But stability and social cohesion are hard to achieve when over one billion people in the world now go hungry every day, and over two billion are malnourished.  Yet, foundations give only 20 percent of their grants toward food security related issues, and governments give far less. So, our afternoon plenary focused on providing food security.  Panelists agreed that solutions lie in policy reform and good governance, but that they will be complicated. Neal Keny-Guyer, CEO of Mercy Corps, addressed the need for the reform of food aid – especially because it ultimately hurts the small farmers in the country receiving it, by devaluing their crops. Robert Zeigler of IRRI mentioned promising new technologies that underlie his optimism, albeit guarded, on the state of global food security.  This month, IRRI is rolling out a transformational set of rice varieties that are completely tolerant of flooding.  These new rice varieties can withstand two to three weeks of flooding, which will save millions of crops each year.  In addition to these new technologies, Soumen Biswas of Professional Assistance for Development Action emphasized that we need to continue building linkages between the market and the community, and the government and the community, so that increased crop yields can be appropriately absorbed, without overwhelming the system.

In afternoon breakout sessions, we heard experts speak on issues in health, water, nutrition, and crisis-response.  In a panel on meeting unmet needs to strengthen health systems, Marko Vujicic of the World Bank discussed the shortages in the global health work force, and the negative impact this has on health systems worldwide.  Recent estimates project shortages of 3-4 million health workers globally.  But addressing this issue does not necessarily require ground-breaking technology.  A recent schematic for hiring a health worker into the system was designed and piloted in Kenya.  By streamlining and standardizing the process, recruitment time dropped from 13 to 3 months.  In a session on safe drinking water and sanitation, philanthropists were encouraged to use their money to leverage untapped funding from governments on the ground.  Philanthropists can condition their agreement to fund 80 percent of a project, by requiring the government to fund the rest.  Further, panelists encouraged those active in the water and sanitation sector to think about the importance of WATSAN issues in relation to other global issues, such as health, education, and agriculture.  In looking at WATSAN through this lens, we can break down silos and secure more funding from more diverse sources.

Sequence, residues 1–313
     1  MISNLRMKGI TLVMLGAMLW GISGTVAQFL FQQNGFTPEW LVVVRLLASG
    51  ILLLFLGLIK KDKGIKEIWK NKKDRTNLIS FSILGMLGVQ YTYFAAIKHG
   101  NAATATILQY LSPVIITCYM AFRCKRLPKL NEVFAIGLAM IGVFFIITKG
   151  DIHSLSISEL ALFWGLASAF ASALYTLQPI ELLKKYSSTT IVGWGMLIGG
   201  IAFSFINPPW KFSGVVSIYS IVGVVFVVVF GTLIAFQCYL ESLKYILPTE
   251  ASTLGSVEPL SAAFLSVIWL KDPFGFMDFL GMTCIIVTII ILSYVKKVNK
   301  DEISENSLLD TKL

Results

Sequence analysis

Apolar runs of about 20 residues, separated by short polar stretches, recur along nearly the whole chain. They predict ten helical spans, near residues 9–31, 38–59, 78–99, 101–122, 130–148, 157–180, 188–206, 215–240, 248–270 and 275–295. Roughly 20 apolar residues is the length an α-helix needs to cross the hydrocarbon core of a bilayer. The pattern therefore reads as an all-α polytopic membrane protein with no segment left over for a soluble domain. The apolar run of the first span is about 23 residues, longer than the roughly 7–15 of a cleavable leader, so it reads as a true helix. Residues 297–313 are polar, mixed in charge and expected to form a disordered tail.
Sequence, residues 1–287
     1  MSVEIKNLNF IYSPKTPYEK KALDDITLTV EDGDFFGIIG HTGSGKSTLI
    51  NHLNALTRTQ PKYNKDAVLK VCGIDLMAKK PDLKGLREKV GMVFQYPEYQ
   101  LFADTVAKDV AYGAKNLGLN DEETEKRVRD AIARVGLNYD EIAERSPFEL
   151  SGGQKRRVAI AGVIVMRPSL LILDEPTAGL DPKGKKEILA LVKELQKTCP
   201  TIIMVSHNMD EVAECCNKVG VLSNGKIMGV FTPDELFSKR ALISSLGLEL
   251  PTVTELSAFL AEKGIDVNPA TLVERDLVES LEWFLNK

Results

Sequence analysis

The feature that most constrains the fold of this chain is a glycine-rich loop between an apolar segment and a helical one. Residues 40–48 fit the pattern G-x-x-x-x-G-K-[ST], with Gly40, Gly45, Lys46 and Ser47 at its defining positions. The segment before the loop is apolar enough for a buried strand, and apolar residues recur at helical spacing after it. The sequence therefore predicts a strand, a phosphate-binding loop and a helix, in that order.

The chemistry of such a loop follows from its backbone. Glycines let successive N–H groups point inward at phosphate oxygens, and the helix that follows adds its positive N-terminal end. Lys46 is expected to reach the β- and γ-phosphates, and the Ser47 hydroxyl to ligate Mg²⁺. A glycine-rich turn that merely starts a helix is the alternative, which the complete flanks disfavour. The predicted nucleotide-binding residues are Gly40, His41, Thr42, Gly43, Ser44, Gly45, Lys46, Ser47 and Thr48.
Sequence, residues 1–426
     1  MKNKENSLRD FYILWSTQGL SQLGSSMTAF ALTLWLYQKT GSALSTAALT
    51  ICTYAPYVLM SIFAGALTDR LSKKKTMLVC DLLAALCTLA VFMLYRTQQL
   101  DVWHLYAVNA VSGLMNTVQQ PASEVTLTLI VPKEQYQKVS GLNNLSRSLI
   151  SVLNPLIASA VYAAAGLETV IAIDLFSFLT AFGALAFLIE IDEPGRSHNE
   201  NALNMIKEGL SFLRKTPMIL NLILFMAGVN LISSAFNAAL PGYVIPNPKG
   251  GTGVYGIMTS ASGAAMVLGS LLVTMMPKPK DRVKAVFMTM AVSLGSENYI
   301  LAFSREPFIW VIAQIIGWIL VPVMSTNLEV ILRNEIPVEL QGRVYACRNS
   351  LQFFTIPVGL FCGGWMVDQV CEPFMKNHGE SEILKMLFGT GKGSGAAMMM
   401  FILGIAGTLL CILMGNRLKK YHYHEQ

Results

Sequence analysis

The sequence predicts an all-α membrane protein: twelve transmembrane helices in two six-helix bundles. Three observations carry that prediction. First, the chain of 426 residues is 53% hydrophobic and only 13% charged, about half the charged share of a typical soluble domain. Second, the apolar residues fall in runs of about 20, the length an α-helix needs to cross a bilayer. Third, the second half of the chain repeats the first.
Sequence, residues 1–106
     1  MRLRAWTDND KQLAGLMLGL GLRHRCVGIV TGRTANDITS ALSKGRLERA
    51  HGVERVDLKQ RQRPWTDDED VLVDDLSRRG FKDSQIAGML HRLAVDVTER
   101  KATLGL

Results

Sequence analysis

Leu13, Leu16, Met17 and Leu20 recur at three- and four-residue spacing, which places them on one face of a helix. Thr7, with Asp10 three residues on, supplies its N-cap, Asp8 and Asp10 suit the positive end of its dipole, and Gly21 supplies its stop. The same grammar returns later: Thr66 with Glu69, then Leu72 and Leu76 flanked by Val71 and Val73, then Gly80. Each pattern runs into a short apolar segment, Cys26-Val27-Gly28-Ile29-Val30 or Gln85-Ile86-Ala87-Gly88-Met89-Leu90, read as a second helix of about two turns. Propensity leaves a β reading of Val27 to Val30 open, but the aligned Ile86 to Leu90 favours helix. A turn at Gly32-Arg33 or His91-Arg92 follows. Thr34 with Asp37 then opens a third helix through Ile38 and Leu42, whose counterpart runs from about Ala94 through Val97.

After dinner, Terry Kramer of Vodafone introduced us to the winners of the Vodafone Wireless Innovation Challenge.  The program seeks to celebrate innovation and partnerships around mobile applications.  This year, 100 Million Stoves, FrontlineSMS Credit, and Sana were honored.  In light of their work, our closing plenary focused on leadership and social change – both embodied by the Vodafone Challenge winners.

The final session was moderated by David Keller and focused on leadership.  Jawad Aslam, CEO of Ansarr Management Company, emphasized that often the most high risk and difficult situations have the most tremendous opportunity for social return.  Geeta Rao Gupta, Senior Fellow at the Bill and Melinda Gates Foundation and former head of the International Center for Research on Women, has devoted her life to pursuing social change by advancing women and girls.  She defines true leadership as those who make shift possible – not heads of state, but people who “buck the tide” – pioneers who defy social sanctions and take risks for the betterment of the next generation.  She is optimistic that women and girls have a unique window of opportunity right now, and that we need to use it.  “We are no longer focusing on the why and the what in women’s issues, but the how.”

There was much to absorb today, and even more tomorrow.  We will pick up again on these themes tomorrow, to continue learning and recalibrating on how best we can aggregate our collective skills to achieve maximum social impact.

Until then,

Jane Wales
President & Co-Founder, Global Philanthropy Forum